HAB contaminated seafood produce toxic reactions and can be fatal. Direct contact with HABs can bring about respiratory problems and can cause mass extermination of fish stock and marine wildlife together with the related knock-on effects within the marine and coastal ecosystem. Dramatic and adverse effects on coastal tourism and beach-based activities result from HAB events. There is also a significant impact on local fishing industries and desalination plants may need to halt operations.
Although some evidence links algal blooms to high water temperature, sun exposure or to high concentrations of natural and human generated nutrients, their causes and dynamics or are still not fully understood.
A research team from the University of Bristol, including Professor David Bull and Dr Paul Hill, will lead this project in collaboration with researchers at Khalifa University in the United Arab Emirates.
The team’s aim is to analyse satellite imagery along with other sensory data using integrated machine learning and image processing methods to characterise, predict and introduce preventive actions which could limit or completely eliminate the environmental damage.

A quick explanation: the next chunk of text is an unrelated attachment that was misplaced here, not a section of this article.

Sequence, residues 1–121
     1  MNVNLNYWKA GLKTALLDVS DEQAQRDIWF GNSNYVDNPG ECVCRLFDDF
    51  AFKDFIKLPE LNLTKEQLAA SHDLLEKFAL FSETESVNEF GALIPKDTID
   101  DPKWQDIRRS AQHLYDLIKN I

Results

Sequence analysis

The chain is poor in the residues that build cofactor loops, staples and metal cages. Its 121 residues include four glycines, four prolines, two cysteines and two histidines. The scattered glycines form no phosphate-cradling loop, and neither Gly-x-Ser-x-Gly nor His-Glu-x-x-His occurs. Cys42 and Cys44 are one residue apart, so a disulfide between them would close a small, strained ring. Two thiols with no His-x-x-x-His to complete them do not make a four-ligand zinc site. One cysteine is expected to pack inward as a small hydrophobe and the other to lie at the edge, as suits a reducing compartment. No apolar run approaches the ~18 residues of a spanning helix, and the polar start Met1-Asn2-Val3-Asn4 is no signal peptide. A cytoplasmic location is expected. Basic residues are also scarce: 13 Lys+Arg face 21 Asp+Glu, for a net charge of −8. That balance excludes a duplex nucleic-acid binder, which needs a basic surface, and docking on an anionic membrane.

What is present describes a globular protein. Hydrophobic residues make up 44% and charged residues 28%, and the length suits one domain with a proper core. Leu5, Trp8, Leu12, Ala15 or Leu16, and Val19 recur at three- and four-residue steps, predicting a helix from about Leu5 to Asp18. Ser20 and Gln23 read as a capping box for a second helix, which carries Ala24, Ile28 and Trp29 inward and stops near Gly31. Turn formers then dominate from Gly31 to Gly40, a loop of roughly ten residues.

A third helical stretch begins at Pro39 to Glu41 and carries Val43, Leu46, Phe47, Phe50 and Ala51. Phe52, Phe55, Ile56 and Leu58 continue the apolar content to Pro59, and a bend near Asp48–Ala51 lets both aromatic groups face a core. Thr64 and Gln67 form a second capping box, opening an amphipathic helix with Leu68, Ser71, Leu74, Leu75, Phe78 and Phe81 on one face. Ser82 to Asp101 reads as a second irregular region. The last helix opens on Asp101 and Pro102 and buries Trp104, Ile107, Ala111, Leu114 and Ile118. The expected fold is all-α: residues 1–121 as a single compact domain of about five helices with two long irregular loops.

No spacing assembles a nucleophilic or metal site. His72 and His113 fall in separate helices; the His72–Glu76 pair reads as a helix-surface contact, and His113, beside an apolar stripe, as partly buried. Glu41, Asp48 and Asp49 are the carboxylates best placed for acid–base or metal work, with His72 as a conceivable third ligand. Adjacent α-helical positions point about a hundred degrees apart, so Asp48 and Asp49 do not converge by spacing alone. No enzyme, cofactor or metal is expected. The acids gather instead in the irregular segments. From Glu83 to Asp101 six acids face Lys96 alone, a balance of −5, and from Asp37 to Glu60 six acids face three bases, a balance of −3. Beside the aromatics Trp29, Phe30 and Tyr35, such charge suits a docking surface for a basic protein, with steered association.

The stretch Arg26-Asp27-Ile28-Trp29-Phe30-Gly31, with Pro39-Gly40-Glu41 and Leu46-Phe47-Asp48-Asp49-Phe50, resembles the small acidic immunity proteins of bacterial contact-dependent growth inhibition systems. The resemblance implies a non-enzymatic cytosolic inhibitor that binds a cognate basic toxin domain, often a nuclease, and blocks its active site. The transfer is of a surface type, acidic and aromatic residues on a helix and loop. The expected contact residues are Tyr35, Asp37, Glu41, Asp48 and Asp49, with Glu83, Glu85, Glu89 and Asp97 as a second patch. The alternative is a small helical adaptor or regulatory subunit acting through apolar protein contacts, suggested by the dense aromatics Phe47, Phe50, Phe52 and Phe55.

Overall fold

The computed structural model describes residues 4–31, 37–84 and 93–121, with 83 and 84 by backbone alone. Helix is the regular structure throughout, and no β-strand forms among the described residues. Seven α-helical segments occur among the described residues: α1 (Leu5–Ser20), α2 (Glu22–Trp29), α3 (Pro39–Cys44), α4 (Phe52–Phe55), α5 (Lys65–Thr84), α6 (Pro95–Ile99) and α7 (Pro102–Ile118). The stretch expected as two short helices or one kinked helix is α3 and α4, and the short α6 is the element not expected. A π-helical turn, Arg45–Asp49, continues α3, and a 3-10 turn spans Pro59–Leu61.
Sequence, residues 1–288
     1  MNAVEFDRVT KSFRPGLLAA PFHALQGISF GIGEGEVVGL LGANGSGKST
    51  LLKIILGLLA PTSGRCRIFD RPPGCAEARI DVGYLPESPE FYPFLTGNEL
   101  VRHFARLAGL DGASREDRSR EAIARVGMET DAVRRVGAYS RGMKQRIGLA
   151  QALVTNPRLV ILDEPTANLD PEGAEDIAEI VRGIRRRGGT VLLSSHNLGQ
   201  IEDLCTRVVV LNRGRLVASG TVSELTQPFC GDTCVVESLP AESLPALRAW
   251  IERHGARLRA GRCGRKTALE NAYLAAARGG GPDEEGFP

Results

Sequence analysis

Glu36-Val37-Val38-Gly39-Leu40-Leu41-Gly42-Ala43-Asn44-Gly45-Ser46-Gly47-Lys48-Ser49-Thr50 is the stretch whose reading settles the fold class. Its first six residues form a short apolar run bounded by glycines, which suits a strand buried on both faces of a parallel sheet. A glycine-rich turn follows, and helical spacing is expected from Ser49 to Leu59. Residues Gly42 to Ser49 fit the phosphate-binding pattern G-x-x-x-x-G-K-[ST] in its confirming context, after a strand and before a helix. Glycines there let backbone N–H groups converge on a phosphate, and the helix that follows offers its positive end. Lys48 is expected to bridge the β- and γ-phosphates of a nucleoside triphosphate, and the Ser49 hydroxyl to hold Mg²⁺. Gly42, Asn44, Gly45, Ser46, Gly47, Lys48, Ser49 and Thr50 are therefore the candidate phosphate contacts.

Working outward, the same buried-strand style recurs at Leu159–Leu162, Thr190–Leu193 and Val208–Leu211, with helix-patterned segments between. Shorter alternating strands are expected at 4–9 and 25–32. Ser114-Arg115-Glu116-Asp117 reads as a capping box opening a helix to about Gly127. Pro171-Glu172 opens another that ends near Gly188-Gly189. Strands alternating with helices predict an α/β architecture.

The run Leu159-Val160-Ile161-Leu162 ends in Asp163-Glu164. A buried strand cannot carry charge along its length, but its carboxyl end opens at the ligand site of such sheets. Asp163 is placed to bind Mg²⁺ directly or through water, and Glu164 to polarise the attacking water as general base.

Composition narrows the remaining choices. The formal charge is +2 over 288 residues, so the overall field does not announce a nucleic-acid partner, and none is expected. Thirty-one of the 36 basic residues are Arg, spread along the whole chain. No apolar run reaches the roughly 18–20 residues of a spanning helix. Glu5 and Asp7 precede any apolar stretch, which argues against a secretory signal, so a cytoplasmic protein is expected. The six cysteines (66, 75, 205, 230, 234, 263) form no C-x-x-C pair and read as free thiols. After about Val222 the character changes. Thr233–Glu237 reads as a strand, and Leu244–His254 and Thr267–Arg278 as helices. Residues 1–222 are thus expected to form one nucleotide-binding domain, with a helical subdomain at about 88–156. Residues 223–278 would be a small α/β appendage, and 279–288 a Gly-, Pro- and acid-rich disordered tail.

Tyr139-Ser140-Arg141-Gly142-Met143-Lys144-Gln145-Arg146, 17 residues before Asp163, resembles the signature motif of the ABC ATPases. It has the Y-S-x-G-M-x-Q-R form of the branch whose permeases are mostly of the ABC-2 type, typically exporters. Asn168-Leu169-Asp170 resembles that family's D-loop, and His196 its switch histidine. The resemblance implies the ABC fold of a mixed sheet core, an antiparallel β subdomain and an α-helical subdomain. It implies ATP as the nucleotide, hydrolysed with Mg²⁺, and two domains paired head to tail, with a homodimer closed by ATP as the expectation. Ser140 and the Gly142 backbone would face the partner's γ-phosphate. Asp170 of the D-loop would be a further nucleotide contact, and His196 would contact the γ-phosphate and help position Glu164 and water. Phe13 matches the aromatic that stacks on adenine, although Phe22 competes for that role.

Professor David Bull, Director of BVI, said: “This grant will enable us to apply our world-leading expertise in image analysis to solving a major environmental problem. This two-year project, funded by the British Council under its Institutional Links Programme, will enable us to further build on our existing relationship with KUSTAR and the UAE region.”